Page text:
During the two decades of French rule (the ventennio francese, 1796-1815), Napoleon introduced the French Revolution to the Italian peninsula. He deposed old dynasties, eliminated aristocratic and ecclesiastic privileges, and unified regions by gradually establishing uniform legal, fiscal, administrative, and conscription systems. The French presence also inspired Italians to articulate plans of unity and independence, thereby inaugurating Italian nationalism. The unifying Napoleonic experience, along with the beginning of Italian nationalism, laid the foundations for the formation of a modern Italian state and society and started the long march toward the unification of the peninsula. At the same time, it is important to stress that, because of different historical contexts and pre-Napoleonic structures, the extent and depth of change caused by the Napoleonic reforms varied from region to region.

The epoca fracese [French epoch] in Italy was divided into two distinct periods: the revolutionary triennium (1796-99) and the Napoleonic rule (1800-1815). The revolutionary triennium, or triennio rivoluzionario, constituted a period of important changes and lively debates that were stimulated by the first Napoleonic invasion in April 1796 and the French victories over the Austrians. The French replaced the old regime states with "sister republics," including the Cisalpine, Roman, and Neapolitan (or Parthenopean) republics, whose governments were dominated by moderate reformers who represented the propertied and educated classes. The new governments experimented with democratic systems and proclaimed the first Italian constitutions modeled on the French example. They established a number of important innovations including legal equality, civil liberties (most notably freedom of the press), and the abolition of entails. The republican authorities also abolished internal restrictions on trade and reduced the power of the church by establishing freedom of religion, abolishing religious orders, and confiscating and selling church property. Roman Jews received equal rights for the first time. In the Neapolitan Republic, the revolutionary government proclaimed the end of the feudal system, although it was unable to implement that important reform before being toppled.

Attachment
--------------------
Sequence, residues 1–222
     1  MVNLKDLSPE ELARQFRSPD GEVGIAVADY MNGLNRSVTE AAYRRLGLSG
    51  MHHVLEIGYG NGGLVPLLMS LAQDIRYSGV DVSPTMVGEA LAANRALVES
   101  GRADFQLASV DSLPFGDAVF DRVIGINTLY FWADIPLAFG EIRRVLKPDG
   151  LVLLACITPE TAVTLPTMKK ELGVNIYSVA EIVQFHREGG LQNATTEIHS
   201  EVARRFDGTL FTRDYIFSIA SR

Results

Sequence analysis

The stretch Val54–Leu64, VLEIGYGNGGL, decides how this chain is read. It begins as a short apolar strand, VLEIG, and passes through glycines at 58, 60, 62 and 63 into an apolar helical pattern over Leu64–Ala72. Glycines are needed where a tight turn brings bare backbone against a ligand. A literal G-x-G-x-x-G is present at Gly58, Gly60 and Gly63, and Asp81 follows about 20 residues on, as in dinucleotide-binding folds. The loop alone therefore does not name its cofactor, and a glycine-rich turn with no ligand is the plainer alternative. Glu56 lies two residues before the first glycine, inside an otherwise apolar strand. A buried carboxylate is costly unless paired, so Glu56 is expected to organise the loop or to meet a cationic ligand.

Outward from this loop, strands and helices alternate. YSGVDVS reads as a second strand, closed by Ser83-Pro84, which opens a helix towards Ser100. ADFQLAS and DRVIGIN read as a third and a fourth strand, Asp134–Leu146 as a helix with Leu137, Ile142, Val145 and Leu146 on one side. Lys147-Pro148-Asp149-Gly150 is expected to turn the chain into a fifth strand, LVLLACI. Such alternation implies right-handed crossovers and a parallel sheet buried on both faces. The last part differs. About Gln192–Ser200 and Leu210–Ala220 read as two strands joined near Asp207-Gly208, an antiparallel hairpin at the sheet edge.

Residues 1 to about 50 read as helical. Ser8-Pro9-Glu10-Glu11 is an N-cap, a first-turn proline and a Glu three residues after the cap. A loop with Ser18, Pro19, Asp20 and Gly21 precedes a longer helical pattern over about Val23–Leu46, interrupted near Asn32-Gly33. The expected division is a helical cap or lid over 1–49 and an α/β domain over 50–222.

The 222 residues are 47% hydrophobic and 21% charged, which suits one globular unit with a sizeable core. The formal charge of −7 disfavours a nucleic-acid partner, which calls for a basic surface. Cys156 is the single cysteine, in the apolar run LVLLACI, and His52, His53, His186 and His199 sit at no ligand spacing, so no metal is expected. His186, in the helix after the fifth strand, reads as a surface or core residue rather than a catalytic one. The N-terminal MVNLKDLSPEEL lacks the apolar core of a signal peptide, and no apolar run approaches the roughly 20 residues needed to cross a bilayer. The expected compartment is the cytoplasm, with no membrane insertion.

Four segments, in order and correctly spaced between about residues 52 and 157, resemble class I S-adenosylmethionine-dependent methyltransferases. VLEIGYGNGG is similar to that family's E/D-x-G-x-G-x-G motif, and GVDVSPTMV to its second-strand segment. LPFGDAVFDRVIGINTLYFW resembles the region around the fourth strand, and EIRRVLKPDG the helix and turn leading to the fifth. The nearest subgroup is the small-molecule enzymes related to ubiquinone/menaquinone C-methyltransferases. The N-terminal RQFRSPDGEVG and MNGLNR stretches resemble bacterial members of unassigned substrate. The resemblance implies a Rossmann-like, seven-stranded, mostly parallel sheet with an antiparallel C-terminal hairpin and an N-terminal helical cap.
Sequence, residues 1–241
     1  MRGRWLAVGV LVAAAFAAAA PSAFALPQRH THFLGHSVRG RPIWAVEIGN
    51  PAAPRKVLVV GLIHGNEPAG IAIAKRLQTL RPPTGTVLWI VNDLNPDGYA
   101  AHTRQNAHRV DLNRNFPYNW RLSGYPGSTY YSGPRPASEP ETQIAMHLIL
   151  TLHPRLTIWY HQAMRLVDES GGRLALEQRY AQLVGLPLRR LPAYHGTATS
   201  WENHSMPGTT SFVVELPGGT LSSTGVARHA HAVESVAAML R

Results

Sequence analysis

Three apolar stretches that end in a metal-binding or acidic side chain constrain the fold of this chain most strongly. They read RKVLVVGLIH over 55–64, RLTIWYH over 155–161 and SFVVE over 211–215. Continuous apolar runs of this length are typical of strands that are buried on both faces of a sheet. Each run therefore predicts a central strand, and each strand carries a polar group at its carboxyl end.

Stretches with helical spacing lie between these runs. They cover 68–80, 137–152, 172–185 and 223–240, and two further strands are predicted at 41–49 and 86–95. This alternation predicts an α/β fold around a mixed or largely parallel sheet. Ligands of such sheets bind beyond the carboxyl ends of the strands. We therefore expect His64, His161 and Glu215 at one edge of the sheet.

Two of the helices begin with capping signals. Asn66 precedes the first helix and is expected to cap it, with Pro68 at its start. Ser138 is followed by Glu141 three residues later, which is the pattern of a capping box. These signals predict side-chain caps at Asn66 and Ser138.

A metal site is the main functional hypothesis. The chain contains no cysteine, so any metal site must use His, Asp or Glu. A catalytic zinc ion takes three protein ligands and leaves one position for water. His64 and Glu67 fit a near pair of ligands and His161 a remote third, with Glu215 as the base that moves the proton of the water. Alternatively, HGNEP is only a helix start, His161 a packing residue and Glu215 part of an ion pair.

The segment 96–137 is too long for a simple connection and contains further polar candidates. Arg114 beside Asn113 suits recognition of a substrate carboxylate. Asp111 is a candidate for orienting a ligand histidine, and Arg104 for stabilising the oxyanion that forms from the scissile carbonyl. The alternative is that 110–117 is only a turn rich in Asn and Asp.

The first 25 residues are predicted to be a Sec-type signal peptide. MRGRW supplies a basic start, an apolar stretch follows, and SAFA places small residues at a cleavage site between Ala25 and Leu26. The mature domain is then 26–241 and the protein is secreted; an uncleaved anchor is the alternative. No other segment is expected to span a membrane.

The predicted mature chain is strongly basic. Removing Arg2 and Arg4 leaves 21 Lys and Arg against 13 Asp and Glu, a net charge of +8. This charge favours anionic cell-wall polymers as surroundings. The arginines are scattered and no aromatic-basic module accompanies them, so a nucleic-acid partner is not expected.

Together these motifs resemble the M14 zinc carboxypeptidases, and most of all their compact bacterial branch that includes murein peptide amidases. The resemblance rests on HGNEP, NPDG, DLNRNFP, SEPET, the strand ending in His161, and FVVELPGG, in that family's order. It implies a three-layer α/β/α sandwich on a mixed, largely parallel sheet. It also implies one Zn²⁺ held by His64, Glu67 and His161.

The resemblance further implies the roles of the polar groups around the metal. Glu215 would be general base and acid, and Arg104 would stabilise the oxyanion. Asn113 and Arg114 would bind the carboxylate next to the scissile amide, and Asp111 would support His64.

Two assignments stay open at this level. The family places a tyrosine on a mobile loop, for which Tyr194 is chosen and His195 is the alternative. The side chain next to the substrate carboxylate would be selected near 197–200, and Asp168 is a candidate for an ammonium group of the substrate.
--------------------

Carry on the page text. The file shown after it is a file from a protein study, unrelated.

The triennio planted the seeds of modern Italian nationalism. The French invasion inspired Italian Jacobins, who called themselves patrioti [patriots], to articulate plans of Italian unity and independence. They formed popular societies and published numerous newspapers in various cities. Melchiore Gioia reflected the opinion of most patriots by stressing the formation of an Italian republic, "one and indivisible." Only in a republic, insisted Gioia, could liberty flourish. The patrioti viewed an independent, united republic as a precondition for the creation of a modern state and a democratic society. The radical among them viewed support of the popular classes as crucial for the new system. They wished "to realize ... an equality of opportunity, and establish limits on concentration of wealth; [also] to create instruments of political participation for all citizens, and exercise a continuous and conscious control on government's activity." They stressed the need for public education, distribution of church land, progressive taxation, and the creation of a welfare system. While the radical patrioti were marginalized by the French, their new ideas marked the beginning of an intense debate about the future of society in a united Italy, a debate that would continue well into the nineteenth century. The sister republics lasted, however, for a short time only. In early 1799 the Second Coalition forces invaded Italy and, with the help of popular revolts in various regions, defeated the French, toppled the republican governments, and restored the old regime rulers (February to September 1799).